Table 3 gives the mean European order of chronic treatment in adults and in children. It is based on a ranking of the mean scores of the different modalities of treatment. For the answers in children, responses of the pediatricians were added to those of the ± 63 percent of the adult specialists also responding for children. The order of treatment is quite different for the two age groups. Inhaled beta-agonists are the first choice in adults while inhaled cromoglycate is first in children. Four drugs in adults and three in children are on average used “often or always” as first line for maintenance by more than 45 percent of the responding specialists.
However, this mean European order represents an average of considerable differences in opinion between specialists of individual countries. As an example, there is a clear preference for oral theophylline above inhaled beta-agonists in adults in France and Portugal, and specialists of Great Britain and Scandinavia prefer inhaled beta-agonists above inhaled cromoglycate in children. Table 4, based on the answers of adult specialists only, attempts to illustrate some differences between countries for four drugs and also for desensitization in allergic asthma. In each column the four countries with the highest percentages and the four with the lowest percentages for using the treatment “often or always” are listed above and below the MEA.
From this wide spectrum of percentages some clear regional trends can be identified. In Great Britain, inhaled beta-agonists and steroids are highly rated, whereas oral theophylline and desensitization have a particularly low use. In Scandinavia there is also frequent use of inhaled beta-agonists and steroids, but inhaled cromoglycate is rather poorly rated. In France, Belgium, and the Netherlands, the only clear pattern is the lower use of inhaled beta-agonists. Germany, Austria and Switzerland have in common a rather high use of theophylline and desensitization, whereas in southern Europe, there is a trend for frequent use of desensitization (Greece excepted) and a low use of inhaled beta-agonists and steroids. To start asthma treatment you may with the help of asthma ventolin inhaler which may be bought via the Internet as well as in the ordinary drug stores.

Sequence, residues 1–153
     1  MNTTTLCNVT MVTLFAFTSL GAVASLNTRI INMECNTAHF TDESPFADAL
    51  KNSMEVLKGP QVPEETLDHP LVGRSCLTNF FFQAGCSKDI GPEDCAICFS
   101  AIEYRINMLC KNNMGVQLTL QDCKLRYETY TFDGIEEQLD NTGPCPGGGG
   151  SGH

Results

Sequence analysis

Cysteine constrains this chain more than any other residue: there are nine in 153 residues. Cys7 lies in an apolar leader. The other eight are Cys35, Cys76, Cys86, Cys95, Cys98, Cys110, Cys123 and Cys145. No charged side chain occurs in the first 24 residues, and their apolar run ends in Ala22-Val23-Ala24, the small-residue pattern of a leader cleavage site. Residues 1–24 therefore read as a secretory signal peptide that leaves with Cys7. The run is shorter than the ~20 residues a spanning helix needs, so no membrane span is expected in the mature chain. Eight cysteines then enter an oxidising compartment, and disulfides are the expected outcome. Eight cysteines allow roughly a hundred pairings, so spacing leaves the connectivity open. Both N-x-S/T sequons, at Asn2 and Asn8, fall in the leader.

Recommended Metered Dose and Alternatives
Specialists of countries with a less frequent use of inhaled beta-agonists or steroids are generally also more reluctant to recommend adequate usual and maximal metered-doses of these aerosols. This is brought out in Table 5, showing that in several countries half of the physicians do not exceed 5 puffs as a usual dose and 10 puffs as a maximal tolerated dose of beta-agonists; the scatter of percentages is smaller for inhaled steroids and ventolin inhalers.
If a metered-dose aerosol of beta-agonists cannot be used satisfactorily, the oral formulation is on average the first choice for an alternative, followed by, respectively, the use of powdered inhaler, the addition of a spacer to the metered-dose, and the nebulization of the drug in soluble form. There was again a wide scatter of opinions, however, without clear regional patterns; this probably results from differences in availability of the alternatives in different countries.
Table 3—Chronic Treatment of Stable Asthma
|Mean European Order of Treatment|
|Adults (n = 735)||Children in = 674)|
|inhaled beta-agonist||inhaled cromoglycate|
|oral theophylline||inhaled beta-agonist|
|inhaled steroids||oral theophylline|
|inhaled cromoglycate||oral beta-agonsst|
|inhaled anticholinergic||oral ketotifen|
|oral beta-agonists||inhaled steroids|
|oral steroids||inhaled anticholinergic|
|oral ketotifen||oral steroids|
Table 4—Chronic Treatment of Stable Asthma by Adult Specialists
|Rank||(% using OFTEN and ALWAYS) Use as First Line for Maintenance||Desensitization for Allergic Asthma|
Table 5—Recommended Metered-Dose in Adults (% Recommending)
|rank||Inhaled usual >5 P*||3-Agonists maximal >10 P*||Inhaled usual >5 P*||Steroids maximal >10 P*|